The cost of providing insurance and healthcare are the biggest concerns of rural Georgians, according to a survey conducted for the Healthcare Georgia Foundation. 59.9% of those surveyed said that affordability of insurance was a barrier to accessing healthcare, while 53.1% cited the cost of care as an issue. When asked what was the biggest problem with local healthcare, 68.8 of those surveyed cited the cost.

The cost issue outranks other concerns within the healthcare arena. Only 24.8% cited quality of care and 6.4% cited access as the biggest problem with local healthcare. Survey respondents personally experienced issues with lack of insurance (41.9%), lack of doctors (32.6%) and insurance not being accepted by their healthcare provider (28.2%).

In the report accompanying the survey results, the foundation used the two Georgias analogy to compare healthcare in the rural parts of the Peach State with that available in metro Atlanta:

We in Georgia are dealing with older, sicker and poorer people relying on a severely compromised healthcare system. A disproportionate burden of uninsured patients, the shifting healthcare landscape under the Affordable Care Act, healthcare workforce shortages, and an aging rural population are factors compromising the delivery of rural healthcare. If ignored, our healthcare delivery system is at risk of collapsing on the shoulders of these frail rural communities.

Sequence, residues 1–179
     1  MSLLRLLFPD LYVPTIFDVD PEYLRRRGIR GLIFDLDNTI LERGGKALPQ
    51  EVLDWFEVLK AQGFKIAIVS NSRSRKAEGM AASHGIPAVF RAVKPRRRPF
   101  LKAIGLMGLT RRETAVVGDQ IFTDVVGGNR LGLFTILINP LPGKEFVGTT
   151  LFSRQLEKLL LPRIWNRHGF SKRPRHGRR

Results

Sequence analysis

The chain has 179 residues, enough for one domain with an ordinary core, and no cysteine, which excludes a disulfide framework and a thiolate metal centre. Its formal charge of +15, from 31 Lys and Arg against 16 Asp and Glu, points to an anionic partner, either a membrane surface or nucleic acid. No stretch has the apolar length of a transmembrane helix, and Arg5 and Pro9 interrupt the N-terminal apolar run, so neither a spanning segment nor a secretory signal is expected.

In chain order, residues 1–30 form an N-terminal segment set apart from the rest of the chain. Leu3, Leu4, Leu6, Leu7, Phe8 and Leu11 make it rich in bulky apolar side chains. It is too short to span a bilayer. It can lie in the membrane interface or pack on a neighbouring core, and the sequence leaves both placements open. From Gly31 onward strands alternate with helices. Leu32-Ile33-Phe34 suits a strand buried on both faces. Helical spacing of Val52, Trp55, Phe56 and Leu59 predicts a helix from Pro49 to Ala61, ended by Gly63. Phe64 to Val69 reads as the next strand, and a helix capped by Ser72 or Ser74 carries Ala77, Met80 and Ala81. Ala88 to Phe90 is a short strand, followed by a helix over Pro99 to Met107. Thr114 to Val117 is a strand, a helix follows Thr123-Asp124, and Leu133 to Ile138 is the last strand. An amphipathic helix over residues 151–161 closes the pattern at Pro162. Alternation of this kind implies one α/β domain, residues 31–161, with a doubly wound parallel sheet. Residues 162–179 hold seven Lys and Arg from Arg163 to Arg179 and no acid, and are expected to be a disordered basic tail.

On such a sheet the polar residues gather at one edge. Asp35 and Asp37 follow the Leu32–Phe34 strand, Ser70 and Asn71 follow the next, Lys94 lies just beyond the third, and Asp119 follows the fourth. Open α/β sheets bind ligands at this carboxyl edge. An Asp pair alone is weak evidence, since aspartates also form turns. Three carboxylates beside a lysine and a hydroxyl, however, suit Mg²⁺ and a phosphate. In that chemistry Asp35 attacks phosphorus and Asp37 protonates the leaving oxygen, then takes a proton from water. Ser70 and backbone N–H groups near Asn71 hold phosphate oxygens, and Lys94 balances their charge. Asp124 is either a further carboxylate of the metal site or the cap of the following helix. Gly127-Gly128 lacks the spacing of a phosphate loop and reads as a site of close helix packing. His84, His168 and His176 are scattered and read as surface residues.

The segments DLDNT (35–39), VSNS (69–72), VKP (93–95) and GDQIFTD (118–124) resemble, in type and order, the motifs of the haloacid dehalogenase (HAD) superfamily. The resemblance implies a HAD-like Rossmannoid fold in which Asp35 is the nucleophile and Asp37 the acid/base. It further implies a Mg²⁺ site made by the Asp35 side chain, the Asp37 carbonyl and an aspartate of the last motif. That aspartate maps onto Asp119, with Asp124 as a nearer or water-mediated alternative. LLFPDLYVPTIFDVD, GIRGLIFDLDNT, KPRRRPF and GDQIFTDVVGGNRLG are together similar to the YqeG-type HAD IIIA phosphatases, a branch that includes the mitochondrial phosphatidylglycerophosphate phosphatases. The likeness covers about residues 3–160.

Many rural Georgians reside in “medical deserts” where access to affordable, quality healthcare does not exist. The capacity to deliver and sustain the “traditional” model of a healthcare system in a rural community is simply not possible. As long as we continue to rely on such a model of care, there will be winners and losers, including rural Georgians, their families, and their communities.

The survey results appear to bear this out. 27.7% of those surveyed said there was a severe or extreme shortage of doctors in their area, while 59.5% cited a moderate shortage. Attracting more doctors to their community was considered an important healthcare initiative by 80.2% of those surveyed, just ahead of 78.8% citing providing access to emergency care.

Despite predictions that rural healthcare would become an issue during the 2015 Georgia legislative session, it instead was dominated by transportation funding and education reform. In the meantime, at least four rural Georgia hospitals have closed, and an AJC investigation earlier this year pointed towards more problems down the road. During the legislative session beginning next January, the questions of access to healthcare, existing Medicaid funding, and possibly expanding Medicaid as envisioned by the Affordable Care Act could come up.